Points 3 to 8 were tips from Alex Laird, writer of a book called ‘Root to Stem’commissioned by Penguin Books, which I bought and can’t wait to read. Alex is a medicinal herbalist and works with the NHS and teaches people about healing foods, her talk was extremely interesting and interactive. She had a table full of herbs at her workshop; she also had us chewing thyme and discovering with our taste buds its antiseptic qualities.

I now have 4 varieties of mint and know how to take cuttings. If you are a Londoner and need a mint cutting or perennial plant cuttings, write to me:)

Perennial vegetables, permaculture and more...

If growing your own food is printing money, (said Ron Finley whose Ted talk is inspirational) planting perennials must be like owning a very fun and reliable printer.

Here are some of my collection of perennial plants, planted this year. They hopefully will keep growing back year after year with minimal fuss.

  • Jerusalem artichokes

  • Purple tree collards

  • Sea kale

  • Taunton Deane Perennial Kale

  • Dwarf apple tree (grown in a 50 litre bucket)

  • Earth chestnut

  • Babington's leek

  • Wild garlic

  • Sweet potato orca 

  • Nine-star perennial broccoli

  • Chinese artichokes

I used to grow plants on my little balcony in a London flat. Now I have more space, there are plants everywhere especially my home office and kitchen. Worm towers, composting, zero waste as much as possible and feeling so connected to nature. There are many invisible helpers in my garden to encourage too: Earthworms, a toad, insects, beetles and centipedes that eat slugs, butterflies, everyone enjoys the party and there’s enough to go around.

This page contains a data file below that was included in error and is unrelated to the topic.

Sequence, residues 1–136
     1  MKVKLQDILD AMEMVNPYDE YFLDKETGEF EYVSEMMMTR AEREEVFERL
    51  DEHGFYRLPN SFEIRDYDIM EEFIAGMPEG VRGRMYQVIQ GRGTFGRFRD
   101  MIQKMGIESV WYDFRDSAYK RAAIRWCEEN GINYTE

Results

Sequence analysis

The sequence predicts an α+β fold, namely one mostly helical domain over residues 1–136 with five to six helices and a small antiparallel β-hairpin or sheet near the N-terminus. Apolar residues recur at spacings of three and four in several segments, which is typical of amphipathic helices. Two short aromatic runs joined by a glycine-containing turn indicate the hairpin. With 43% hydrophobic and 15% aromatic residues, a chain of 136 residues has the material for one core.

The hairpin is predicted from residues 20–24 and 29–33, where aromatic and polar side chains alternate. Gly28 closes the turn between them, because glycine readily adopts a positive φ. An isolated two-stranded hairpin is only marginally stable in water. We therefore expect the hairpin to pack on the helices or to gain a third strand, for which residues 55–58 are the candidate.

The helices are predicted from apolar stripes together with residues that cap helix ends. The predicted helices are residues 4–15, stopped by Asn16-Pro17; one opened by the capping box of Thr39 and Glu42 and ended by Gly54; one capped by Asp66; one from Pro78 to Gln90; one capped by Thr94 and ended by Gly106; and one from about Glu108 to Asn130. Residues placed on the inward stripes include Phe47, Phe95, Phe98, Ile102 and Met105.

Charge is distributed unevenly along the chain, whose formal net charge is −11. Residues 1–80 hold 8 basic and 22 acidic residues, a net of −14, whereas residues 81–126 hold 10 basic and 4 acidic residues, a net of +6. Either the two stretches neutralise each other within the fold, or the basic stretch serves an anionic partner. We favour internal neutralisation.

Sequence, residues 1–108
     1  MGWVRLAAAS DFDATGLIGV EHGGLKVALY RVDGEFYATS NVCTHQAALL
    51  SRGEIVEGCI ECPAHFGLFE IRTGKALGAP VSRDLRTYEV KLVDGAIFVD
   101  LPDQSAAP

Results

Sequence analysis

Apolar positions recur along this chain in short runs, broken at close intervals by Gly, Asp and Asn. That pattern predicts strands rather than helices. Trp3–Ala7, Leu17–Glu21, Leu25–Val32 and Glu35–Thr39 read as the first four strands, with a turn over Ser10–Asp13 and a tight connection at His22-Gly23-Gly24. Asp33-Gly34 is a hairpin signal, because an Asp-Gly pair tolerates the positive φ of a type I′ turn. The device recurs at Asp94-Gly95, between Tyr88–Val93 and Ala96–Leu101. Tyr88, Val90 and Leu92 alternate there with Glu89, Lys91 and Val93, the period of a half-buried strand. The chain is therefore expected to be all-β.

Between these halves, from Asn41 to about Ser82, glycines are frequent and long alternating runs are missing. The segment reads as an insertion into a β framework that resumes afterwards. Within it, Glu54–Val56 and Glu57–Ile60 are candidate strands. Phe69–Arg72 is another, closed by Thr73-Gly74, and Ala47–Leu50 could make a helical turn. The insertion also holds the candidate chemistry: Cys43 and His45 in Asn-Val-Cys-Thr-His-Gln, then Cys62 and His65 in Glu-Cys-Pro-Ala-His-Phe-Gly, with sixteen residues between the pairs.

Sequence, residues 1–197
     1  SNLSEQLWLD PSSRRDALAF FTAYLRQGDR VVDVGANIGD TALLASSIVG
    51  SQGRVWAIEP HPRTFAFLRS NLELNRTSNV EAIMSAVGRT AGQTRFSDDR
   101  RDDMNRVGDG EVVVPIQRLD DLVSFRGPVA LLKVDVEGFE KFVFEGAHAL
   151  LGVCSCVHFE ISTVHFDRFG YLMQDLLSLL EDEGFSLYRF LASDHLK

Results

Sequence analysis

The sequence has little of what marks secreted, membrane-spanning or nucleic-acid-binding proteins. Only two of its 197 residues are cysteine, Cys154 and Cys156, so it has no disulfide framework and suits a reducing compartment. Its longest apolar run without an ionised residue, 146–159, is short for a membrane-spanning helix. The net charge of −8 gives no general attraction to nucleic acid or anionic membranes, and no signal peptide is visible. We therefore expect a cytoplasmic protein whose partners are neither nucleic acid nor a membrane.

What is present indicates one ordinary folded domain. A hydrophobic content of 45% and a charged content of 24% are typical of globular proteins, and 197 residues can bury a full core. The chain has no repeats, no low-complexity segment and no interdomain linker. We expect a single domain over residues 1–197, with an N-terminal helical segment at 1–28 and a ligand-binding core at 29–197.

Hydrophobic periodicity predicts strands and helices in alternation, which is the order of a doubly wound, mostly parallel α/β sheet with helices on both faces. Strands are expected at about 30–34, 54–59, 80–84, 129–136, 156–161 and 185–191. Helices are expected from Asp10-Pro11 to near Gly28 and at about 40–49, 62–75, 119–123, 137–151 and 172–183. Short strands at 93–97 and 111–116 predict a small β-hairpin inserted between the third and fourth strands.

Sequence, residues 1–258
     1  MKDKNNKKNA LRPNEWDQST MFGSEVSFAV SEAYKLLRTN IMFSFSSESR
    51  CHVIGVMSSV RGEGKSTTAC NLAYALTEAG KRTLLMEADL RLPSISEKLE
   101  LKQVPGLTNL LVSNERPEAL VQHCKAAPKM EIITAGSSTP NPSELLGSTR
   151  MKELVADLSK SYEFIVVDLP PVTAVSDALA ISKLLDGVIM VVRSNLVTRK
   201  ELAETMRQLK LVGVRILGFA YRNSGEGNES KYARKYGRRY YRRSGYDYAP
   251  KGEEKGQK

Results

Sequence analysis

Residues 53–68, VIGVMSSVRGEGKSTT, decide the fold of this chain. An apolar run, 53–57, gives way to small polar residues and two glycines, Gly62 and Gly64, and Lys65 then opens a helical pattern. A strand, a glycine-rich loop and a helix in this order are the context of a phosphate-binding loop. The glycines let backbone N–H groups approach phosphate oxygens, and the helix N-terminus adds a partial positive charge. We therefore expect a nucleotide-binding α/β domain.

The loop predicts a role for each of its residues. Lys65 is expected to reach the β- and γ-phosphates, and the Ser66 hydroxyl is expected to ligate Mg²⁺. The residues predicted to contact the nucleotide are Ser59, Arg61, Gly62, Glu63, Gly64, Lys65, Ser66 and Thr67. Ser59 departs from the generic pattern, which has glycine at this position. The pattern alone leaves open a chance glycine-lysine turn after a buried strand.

I found the Backyard Larder’s blog very helpful and bought some plants from them. Backyard Larder sends their plants beautifully packaged in recycled shoe boxes which I so appreciated. I also bought some plants from Otter Farm and want to support the great work they do for the Earth.

A small celebration-my nectarine tree has fruit this summer, less than two years after planting it from a bare root plant in the winter. My neighbour said it would be impossible in our UK weather — which makes me worry about global warming. If you don’t have space, you can still sprout seeds, a great source of lovely nutritious goodness… My favourites are mung beans… Easy, peasy… Jar and water required… That is all. Pea shoots are also lovely and look great on a dinner plate; they taste like peas with all the fresh, green goodness. Pea shoots do need compost and a sunny windowsill, read a blog by Vertical Gardener, Mark Riddill Smith here.

My husband is protesting about eating so much Kale — which is the only downside (for him) of my having ‘green fingers’. I can live with that.

Coriander, the frugality of growing your own herbs.

Growing coriander is such fun. A beautiful herb in salads and to garnish that Indian curry I make often. A seed packet has 250 seeds, 2,500 in a bigger packet.. :) and costs so little in comparison to the end product.

Buying the herb in a market also takes time, the stuff travels... So it's not fresh and has some food miles.

For me though, it's a little kid excitement and exploding heart joy I feel when I see seedlings break through.